Green has played more than 20 minutes in all eight preseason contests and hasn't had any signature performances. Overall, Boston's small forward is shooting a miserable 32.5 percent, with a 23.5 percent clip from beyond the arc.
He hasn't been rebounding or distributing the ball any better than usual either. It has been a disappointing preseason for Green, so, hopefully, Brad Stevens can wade through some of that to get him going very soon.
There are, perhaps, many more unanswered questions stemming from the Boston Celtics' preseason but doubtfully any as important as Brad Stevens' trust level in Kelly Olynyk.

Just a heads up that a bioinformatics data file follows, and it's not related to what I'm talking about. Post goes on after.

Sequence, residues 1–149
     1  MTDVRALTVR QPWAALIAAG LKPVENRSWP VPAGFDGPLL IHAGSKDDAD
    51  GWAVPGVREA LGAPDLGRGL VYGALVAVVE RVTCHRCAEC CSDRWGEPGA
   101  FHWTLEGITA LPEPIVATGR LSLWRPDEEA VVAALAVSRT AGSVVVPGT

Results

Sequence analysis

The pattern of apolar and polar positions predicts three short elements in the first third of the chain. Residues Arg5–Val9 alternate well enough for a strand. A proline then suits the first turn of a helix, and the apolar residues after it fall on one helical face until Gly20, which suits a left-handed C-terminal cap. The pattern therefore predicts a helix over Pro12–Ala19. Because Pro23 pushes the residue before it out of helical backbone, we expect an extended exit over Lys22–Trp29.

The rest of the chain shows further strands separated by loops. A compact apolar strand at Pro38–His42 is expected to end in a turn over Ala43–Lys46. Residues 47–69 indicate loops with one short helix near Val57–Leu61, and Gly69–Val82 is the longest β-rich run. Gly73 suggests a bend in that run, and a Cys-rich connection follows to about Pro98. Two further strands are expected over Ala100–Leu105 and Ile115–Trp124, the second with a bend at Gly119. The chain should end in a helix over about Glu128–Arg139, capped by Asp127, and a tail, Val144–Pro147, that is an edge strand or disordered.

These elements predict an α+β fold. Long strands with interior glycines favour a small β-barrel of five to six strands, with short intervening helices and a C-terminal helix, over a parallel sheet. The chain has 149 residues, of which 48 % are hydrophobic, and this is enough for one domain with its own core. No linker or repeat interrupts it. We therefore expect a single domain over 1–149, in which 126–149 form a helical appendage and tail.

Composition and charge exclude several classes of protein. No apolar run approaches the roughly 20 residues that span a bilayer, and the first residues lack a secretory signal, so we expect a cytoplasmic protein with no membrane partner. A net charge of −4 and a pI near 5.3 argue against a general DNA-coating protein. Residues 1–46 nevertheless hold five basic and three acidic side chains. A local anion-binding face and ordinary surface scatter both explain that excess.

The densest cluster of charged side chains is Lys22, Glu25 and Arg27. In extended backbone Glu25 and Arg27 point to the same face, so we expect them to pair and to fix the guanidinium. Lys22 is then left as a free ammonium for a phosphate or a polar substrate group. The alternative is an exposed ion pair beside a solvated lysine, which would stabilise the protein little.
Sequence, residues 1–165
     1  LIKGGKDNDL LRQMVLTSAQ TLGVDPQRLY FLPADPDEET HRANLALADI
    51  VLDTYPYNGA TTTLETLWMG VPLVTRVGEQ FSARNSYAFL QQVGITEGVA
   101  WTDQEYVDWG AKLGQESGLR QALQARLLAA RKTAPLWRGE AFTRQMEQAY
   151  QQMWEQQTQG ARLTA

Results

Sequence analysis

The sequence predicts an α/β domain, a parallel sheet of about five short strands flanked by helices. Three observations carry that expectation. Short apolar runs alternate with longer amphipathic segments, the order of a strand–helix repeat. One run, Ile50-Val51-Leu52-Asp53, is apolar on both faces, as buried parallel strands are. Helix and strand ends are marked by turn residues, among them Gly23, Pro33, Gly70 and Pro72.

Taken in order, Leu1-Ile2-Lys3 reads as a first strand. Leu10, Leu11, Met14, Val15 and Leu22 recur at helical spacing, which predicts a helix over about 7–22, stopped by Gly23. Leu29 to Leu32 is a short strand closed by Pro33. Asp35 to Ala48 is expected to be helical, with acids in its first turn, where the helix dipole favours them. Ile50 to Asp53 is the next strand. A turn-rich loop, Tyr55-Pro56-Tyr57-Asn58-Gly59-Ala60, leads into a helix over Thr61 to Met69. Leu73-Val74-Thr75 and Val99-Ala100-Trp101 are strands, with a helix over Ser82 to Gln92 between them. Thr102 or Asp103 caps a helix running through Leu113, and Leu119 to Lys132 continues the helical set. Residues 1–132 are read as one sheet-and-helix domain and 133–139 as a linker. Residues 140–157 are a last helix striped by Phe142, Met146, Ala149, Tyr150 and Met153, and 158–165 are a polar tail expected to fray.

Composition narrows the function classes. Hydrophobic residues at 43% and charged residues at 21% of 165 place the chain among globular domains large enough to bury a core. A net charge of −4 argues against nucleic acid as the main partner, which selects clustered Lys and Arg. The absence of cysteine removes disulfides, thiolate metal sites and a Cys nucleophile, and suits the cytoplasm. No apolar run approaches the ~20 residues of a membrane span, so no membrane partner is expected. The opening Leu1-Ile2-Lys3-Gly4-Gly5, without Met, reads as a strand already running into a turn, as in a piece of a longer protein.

Boston's lottery pick this past summer earned just two starts in the preseason. One of which came with Jared Sullinger sick and out for the game. That was when he earned, by far, his most minutes as well, 34, but Jeff Green left the game with an injury.
That night was also one of Boston's two wins, coming against the Brooklyn Nets. Olynyk posted nine points and six rebounds.
In the only other Boston victory, he registered 15 points, six boards and three assists. Overall, Olynyk is shooting 52.5 percent from the field and hasn't shown an ounce of fear offensively. That type of offensive confidence is something Boston will need this year.
However, with minutes bouncing around between starter, legitimate big off the bench and minor role player, Olynyk can't be too sure where he stands or what is being asked of him when he steps on the court.
For rookies, that is an important thing to know and develop early on. Brad Stevens has to define Olynyk's role, and do it soon, so he can maximize the early potential of his young big.